Read CHAPTER XVII of A Roman Singer, free online book, by F. Marion Crawford, on

It fell out as Nino had anticipated, and when he told me all the details, some time afterwards, it struck me that he had shown an uncommon degree of intelligence in predicting that the old count would ride alone that day.  He had, indeed, so made his arrangements that even if the whole party had come out together nothing worse would have occurred than a postponement of the interview he sought.  But he was destined to get what he wanted that very day, namely, an opportunity of speaking with Von Lira alone.

It was twelve o’clock when he left me, and the mid-day bell was ringing from the church, while the people bustled about getting their food.  Every old woman had a piece of corn cake, and the ragged children got what they could, gathering the crumbs in their mothers’ aprons.  A few rough fellows who were not away at work in the valley munched the maize bread with a leek and a bit of salt fish, and some of them had oil on it.  Our mountain people eat scarcely anything else, unless it be a little meat on holidays, or an egg when the hens are laying.  But they laugh and chatter over the coarse fare, and drink a little wine when they can get it.  Just now, however, was the season for fasting, being the end of Holy Week, and the people made a virtue of necessity, and kept their eggs and their wine for Easter.

When Nino went out he found his countryman, and explained to him what he was to do.  The man saddled one of the mules and put himself on the watch, while Nino sat by the fire in the quaint old inn and ate some bread.  It was the end of March when these things happened, and a little fire was grateful, though one could do very well without it.  He spread his hands to the flame of the sticks, as he sat on the wooden settle by the old hearth, and he slowly gnawed his corn cake, as though a week before he had not been a great man in Paris, dining sumptuously with famous people.  He was not thinking of that.  He was looking in the flame for a fair face that he saw continually before him, day and night.  He expected to wait a long time, ­some hours, perhaps.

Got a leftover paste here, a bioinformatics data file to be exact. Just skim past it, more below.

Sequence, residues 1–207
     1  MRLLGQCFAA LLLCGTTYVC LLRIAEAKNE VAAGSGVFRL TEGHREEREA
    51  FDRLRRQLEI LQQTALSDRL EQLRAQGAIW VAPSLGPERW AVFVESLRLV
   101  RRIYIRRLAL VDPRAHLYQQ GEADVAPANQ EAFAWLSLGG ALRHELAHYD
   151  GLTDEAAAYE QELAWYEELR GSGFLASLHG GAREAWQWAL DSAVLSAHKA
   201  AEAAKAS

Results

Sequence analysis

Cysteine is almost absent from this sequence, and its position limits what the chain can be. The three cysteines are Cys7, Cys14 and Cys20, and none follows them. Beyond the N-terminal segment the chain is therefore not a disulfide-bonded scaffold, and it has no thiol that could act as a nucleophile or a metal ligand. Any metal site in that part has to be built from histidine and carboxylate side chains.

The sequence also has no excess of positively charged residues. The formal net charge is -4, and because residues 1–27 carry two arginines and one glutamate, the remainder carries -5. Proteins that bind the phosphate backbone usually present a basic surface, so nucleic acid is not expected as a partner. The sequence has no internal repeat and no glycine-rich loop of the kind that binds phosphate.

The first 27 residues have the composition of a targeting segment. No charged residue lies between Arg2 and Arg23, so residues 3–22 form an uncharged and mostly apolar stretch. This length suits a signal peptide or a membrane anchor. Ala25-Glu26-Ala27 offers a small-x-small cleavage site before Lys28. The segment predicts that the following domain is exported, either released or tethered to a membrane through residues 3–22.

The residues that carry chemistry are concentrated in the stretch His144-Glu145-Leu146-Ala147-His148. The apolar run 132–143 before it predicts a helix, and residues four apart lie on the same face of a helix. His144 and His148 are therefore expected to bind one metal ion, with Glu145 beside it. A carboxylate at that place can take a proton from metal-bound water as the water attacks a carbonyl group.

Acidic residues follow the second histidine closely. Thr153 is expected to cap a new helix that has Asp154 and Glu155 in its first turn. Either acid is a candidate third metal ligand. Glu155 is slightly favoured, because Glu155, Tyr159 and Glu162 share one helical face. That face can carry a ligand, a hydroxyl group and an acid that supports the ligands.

Twenty minutes had not elapsed, however, before his man came breathless through the door, calling to him to come at once; for the solitary rider had gone out, as was expected, and at a pace that would soon take him out of sight.  Nino threw his corn bread to a hungry dog that yelped as it hit him, and then fastened on it like a beast of prey.

In the twinkling of an eye he and his man were out of the inn.  As they ran to the place where the mule was tied to an old ring in the crumbling wall of a half-ruined house near to the ascent to the castle, the man told Nino that the fine gentleman had ridden toward Trevi, down the valley, Nino mounted, and hastened in the same direction.

As he rode he reflected that it would be wiser to meet the count on his return, and pass him after the interview, as though going away from Fillettino.  It would be a little harder for the mule; but such an animal, used to bearing enormous burdens for twelve hours at a stretch, could well carry Nino only a few miles of good road before sunset, and yet be fresh again by midnight.  One of those great sleek mules, if good-tempered, will tire three horses, and never feel the worse for it.  He therefore let the beast go her own pace along the road to Trevi, winding by the brink of the rushing torrent:  sometimes beneath great overhanging cliffs, sometimes through bits of cultivated land, where the valley widens; and now and then passing under some beech-trees, still naked and skeleton-like in the bright March air.